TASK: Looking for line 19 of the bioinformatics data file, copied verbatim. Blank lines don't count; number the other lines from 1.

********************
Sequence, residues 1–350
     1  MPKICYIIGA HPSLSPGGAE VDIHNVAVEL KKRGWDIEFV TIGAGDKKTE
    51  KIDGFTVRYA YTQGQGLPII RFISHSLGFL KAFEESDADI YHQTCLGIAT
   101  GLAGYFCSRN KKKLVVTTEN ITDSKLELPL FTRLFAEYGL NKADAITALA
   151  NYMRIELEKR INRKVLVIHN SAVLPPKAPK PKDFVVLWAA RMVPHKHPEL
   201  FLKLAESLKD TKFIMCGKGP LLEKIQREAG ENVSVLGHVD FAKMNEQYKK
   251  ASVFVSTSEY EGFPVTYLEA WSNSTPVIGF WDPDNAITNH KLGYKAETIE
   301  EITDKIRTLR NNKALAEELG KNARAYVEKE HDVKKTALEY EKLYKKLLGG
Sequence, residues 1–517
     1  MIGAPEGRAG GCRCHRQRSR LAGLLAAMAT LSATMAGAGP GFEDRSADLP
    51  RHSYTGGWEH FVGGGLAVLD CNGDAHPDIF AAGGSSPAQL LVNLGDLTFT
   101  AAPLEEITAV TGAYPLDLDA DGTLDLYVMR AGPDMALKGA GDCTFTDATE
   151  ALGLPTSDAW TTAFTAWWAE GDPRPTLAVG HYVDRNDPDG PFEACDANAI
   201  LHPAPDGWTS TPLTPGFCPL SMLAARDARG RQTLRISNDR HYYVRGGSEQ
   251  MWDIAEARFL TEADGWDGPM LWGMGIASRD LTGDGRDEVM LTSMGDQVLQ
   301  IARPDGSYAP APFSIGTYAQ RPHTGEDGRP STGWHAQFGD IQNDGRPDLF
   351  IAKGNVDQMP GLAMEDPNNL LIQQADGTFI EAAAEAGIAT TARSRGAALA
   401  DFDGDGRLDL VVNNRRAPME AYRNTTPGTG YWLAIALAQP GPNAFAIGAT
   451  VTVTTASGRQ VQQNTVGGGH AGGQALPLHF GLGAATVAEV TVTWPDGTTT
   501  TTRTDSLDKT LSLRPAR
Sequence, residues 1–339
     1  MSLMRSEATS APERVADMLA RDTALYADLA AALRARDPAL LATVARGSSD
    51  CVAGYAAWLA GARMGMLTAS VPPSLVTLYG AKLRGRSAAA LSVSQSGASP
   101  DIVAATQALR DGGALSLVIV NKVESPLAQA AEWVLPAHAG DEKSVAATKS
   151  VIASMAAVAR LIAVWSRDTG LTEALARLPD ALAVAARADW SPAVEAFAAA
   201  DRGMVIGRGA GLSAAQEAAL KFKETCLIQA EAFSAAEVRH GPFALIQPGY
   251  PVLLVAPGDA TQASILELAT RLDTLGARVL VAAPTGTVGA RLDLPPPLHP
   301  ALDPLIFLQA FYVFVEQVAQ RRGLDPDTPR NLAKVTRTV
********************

   451  VTVTTASGRQ VQQNTVGGGH AGGQALPLHF GLGAATVAEV TVTWPDGTTT